• kowalityjesus | Mar 5, 2014 at 1:13 am |

        Not reproducing is also a form of political concession.

      • BuzzCoastin | Mar 5, 2014 at 1:34 am |

        Abbie ilove you & learned a lot from you
        did anything change since Chicago?
        weren’t you neutered after Chicago?
        your death taught me that bypass beats confrontation
        when dealing with da man

    • kowalityjesus | Mar 5, 2014 at 1:25 am |

      I can’t seriously agree. In the practical realm, it is more efficacious to be known as an inside weirdo than unknown as an outside weirdo. It is a different matter if we were addressing the numinous, and that might be somehow more important, but not reliably imo.

      • BuzzCoastin | Mar 5, 2014 at 1:39 am |

        the best the average aMerkin can hope for
        is high Outer Party membership
        but you got play the game their way to get there
        reflect upon Jimmy Carter
        he was a weirdo insider
        went nowhere fast

  6. emperorreagan | Mar 4, 2014 at 12:14 pm |

    I stopped reading one of his books in the middle several years ago and it took me a little reflection to figure out why: he’s an authoritarian. And the majority of people are just fools to be discarded, as the enlightened few hasten the collapse of civilization.

    So of course no personal change is worthy – imposition of a his disaster/utopian green fantasy world is is all that he is interested in. And his response to critiques of his philosophy/writing or his group’s actions and policies is generally to engage in ad hominem attacks.

    • Jin The Ninja | Mar 4, 2014 at 4:44 pm |

      i’ll admit i like jensen’s writings in some ways. i like the narrative style, i like the content.

      however you are absolutely correct.
      nihlism and vehement misanthropy are not a cocktail to revolution, radical or otherwise.

      i say this as a minor misanthrope.

      and while i do think he makes some interesting observations about a post-apocalyptic utopian world,
      i canNOT reconcile that world with my humanist (buddhist, neo-platonic, metaphysical or otherwise) values of compassion, logic and virtue. and i would hope that anarchists of any stripe can agree that society should be in accordance to at the least a variation of the secular humanist theme.

      bookchin, was a eco- anarcho writer who took the complete opposite view to jensen. he believed in the potential to create a radical space that was both post -civ and yet embraced the best of humankind.

      i think the lesson here is, if ‘we’ discard our shared human values, how then does this make us different from the misanthropes and dominators of the public and private spheres. what makes us different than the authoritarians who wish to impose social and economic paradigms upon us? we have to embrace our humanity- which is to embrace our fellow humans. to disregard life, to disregard radical potential for all but the few, makes them the same as those they purport to overthrow.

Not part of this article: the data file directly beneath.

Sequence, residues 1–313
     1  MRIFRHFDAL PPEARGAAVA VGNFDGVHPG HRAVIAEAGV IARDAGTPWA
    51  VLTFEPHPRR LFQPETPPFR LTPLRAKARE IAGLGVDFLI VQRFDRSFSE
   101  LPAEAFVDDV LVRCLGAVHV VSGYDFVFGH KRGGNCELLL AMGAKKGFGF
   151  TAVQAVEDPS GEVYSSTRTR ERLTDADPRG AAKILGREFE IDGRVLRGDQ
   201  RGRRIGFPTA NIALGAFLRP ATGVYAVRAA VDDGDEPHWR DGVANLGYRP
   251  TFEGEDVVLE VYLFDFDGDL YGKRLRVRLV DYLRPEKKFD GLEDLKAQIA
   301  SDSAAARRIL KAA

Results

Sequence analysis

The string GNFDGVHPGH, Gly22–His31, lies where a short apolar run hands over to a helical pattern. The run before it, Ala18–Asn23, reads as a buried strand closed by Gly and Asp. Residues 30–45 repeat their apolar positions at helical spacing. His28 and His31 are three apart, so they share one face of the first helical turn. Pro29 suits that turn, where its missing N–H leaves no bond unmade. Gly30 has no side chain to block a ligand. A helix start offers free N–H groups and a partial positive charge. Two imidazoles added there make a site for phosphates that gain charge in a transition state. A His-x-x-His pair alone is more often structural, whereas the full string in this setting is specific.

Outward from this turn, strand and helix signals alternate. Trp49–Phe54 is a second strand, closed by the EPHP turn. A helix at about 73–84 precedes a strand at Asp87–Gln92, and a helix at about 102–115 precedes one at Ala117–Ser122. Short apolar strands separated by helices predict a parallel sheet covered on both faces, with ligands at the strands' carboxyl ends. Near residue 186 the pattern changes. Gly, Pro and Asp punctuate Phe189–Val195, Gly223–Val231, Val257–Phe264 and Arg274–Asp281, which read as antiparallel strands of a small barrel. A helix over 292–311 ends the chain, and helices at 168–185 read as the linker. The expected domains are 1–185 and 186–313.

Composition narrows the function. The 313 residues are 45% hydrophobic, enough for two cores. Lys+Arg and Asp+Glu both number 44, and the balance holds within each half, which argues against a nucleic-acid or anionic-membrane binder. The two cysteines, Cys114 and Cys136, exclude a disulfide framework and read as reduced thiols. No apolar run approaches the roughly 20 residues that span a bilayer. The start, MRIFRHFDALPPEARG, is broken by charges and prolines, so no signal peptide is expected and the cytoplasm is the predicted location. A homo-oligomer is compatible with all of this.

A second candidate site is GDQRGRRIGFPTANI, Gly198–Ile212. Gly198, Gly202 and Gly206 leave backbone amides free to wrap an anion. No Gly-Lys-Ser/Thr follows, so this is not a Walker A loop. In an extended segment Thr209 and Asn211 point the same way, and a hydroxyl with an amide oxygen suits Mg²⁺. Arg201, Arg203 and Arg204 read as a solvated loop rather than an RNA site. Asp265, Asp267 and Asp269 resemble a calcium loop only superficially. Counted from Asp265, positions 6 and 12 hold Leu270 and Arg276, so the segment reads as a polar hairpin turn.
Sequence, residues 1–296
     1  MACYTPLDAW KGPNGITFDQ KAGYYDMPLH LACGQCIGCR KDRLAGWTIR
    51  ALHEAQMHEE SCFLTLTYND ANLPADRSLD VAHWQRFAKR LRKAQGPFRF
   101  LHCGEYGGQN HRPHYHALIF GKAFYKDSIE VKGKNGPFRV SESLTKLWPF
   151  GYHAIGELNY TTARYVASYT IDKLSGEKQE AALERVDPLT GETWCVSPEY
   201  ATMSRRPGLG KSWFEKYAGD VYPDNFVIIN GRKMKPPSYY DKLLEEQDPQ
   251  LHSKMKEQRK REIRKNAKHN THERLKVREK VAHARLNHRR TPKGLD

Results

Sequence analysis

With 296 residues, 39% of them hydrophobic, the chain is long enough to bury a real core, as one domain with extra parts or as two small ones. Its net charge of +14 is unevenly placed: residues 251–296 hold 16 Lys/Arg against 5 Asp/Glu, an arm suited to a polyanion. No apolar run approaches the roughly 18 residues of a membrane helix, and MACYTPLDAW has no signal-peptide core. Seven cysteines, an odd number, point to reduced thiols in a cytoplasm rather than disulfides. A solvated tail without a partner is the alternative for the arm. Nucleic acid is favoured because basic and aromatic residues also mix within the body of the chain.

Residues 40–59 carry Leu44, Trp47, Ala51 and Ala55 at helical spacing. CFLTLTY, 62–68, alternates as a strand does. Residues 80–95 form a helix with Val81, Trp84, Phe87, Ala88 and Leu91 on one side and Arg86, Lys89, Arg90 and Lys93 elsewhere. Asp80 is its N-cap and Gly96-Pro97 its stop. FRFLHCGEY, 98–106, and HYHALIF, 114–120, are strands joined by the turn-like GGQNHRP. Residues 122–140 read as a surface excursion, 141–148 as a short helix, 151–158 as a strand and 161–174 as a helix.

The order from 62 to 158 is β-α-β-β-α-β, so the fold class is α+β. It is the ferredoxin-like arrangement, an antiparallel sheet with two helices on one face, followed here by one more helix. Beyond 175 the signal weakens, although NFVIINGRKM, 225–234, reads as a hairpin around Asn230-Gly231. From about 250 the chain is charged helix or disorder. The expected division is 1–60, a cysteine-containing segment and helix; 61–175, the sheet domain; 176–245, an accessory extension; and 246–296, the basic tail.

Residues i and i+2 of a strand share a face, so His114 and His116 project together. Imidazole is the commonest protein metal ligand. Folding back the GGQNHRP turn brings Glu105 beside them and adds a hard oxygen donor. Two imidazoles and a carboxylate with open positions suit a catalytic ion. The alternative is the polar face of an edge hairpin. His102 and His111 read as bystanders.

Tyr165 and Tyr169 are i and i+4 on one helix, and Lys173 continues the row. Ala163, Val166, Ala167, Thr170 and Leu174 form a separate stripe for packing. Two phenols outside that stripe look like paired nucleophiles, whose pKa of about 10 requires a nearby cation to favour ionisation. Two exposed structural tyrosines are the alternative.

7. The interesting kernel that I get out of this is that Jensen is calling neoliberal arguments for austerity out for what they are.

  8. Bluebird_of_Fastidiousness | Mar 4, 2014 at 4:12 pm |

    Most of the progressives I meet are too self centered to acknowledge this level of profound inadequacy of action. They really think that raising chickens in their backyard is substantially subversive. Acknowledging reality would destroy their sense of identity, which stands in stark contrast to their actualized identity in association with dominant power structures. I don’t really care anymore. I’ll sell them the chickens and teach them how to feed themselves if they ask. Living simply is important. I care like they do. But I don’t fool myself into thinking it’s enough. I wish that I could.

  9. kowalityjesus | Mar 5, 2014 at 1:10 am |

    Yeah, I’ve thought about that a lot. People will be sparing with expensive items and wasteful with cheap ones. Hybrid cars just lower the price of gas so that pickup trucks will jackrabbit from stoplights more; a rise in gas tax in USA will cause all the moped drivers in SE Asia to throttle liberally; etc.

    I know this is incredibly taboo, but whenever I think about our inability to address worldwide ecological problems, I always think of the Nazis. If the Nazis were not destroyed by WWII, their policies of conservationism and efficiency coupled with their anal and authoritarian nature would produce the entity necessary to handle global warming. Not that I particularly am enamored of German National Socialism, but it would have created an entirely different political dynamic worldwide, one that might have forced carbon emissions to be greatly limited once their impact was realized.